Boomers who are just beginning to have trouble with hips, knees and backs have embraced the concept of travelling the backcountry mounted on powerful iron steeds sporting four large knobby tires.
These rugged, all-terrain vehicles, called quads, are the land-locked equivalent of personal watercraft, or snowmobiles that can tackle mountains. They all exhibit the same traits of raw power, speed and a masculine image. How could I resist my first opportunity to try one out? Since I have always ridden large motorcycles, I felt somewhat superior to anyone who rode around on four large wheels. What a surprise!
My introduction to quading was a lesson in “how not to.” You might think a man of 70 would have more sense than to get on one of these machines for the first time and ride straight up Texada Island’s 1,745-foot Mount Pocahontas. Not so. Mountain goats would tread carefully on the trails we travelled. My friend John, 26 years my junior, has convinced himself I am about 53, and treats me accordingly. When he casually suggested we take his quads and beat the 4x4s to the top, my ego kicked in. “Of course!” Little did I know that, with those two words plus my already damaged spine, I had condemned myself to a world of pain long after the ride.
The goal was honourable enough - along with other volunteers, to help erect a small building on the mountain’s peak, in which to house our island’s new Internet wireless system equipment.
The learning curve was steep. What I thought was going to be a leisurely ride up winding country roads to the peak, turned out to be the equivalent of “riding the bull” in a country and western bar. John didn’t tell me the smooth road I assumed we would travel was off-limits to ATVs. Driving a quad requires balance, a good degree of strength, and huge gobs of luck, if you are a beginner like me.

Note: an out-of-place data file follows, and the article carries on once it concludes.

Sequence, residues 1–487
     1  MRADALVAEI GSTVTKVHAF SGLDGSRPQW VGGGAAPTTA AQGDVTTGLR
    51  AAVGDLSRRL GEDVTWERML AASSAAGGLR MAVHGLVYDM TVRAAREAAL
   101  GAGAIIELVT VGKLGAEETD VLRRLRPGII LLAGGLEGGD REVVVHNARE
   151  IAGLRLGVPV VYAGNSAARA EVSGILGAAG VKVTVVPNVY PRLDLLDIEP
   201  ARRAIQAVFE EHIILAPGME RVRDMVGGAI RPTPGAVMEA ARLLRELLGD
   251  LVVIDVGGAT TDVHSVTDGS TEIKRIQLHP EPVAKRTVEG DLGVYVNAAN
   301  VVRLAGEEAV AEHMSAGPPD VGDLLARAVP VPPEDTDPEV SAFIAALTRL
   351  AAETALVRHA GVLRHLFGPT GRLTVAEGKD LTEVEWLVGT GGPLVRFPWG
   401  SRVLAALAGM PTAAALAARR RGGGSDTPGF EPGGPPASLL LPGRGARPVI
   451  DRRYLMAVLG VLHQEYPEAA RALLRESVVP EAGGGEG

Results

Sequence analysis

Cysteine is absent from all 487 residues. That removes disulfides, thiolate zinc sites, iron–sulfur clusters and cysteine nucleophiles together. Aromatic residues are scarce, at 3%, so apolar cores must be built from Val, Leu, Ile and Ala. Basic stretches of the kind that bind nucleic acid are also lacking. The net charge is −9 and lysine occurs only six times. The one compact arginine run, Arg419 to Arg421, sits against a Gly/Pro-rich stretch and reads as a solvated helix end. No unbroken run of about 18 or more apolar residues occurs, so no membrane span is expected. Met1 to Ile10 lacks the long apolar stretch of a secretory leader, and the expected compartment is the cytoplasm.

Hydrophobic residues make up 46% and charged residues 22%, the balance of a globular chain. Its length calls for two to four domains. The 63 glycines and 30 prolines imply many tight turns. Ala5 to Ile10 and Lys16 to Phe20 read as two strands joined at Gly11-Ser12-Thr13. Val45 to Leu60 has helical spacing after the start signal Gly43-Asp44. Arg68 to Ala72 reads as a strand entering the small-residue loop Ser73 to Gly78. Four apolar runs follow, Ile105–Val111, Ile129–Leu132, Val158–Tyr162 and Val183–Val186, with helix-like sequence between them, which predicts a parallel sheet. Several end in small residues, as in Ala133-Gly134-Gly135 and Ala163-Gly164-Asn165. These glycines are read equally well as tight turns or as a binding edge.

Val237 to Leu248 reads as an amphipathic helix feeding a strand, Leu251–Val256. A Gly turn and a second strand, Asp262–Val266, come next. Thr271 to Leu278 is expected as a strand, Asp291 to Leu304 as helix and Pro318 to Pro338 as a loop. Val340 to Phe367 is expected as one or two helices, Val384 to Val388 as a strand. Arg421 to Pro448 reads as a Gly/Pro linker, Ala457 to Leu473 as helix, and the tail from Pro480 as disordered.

The reality of travelling cross-country up mountain trails was a joy for John, but soon became a veritable nightmare for me as the steep trip unfolded, and my back did the same.
Narrow, rocky outcrops, wet gullies, and upward slopes with rolling stones jarred my spine, and rattled my brain. Crossing a swamp on a quad-wide bridge, I was waiting for a wheel to drop off into the murky water. All the while, we climbed to higher elevations with gearboxes howling.
I asked Zan Boyle, President of Vancouver Island’s Duncan ATV BC Chapter why the sport was catching fire with baby boomers. “It appeals to adventurous spirits who want to get off the beaten track,” he says. “Seventy-five per cent of our 110 members are seniors. There are clubs in Ladysmith, Nanaimo, Port Alberni, Courtenay-Comox and Campbell River.”
Is quading safe? It is as safe as you make it. A safety-training course before you attempt quading is a good start. An experienced quader like John had no problem on the same route that caused me stress and physical discomfort. Statistics show that the majority of serious accidents occur with children, who are fearless. They have great reflexes, but may lack judgment or the strength necessary to guide the larger machines. The second category, the one that I fall into, would be the inexperienced adults, who try too much too soon, without proper training.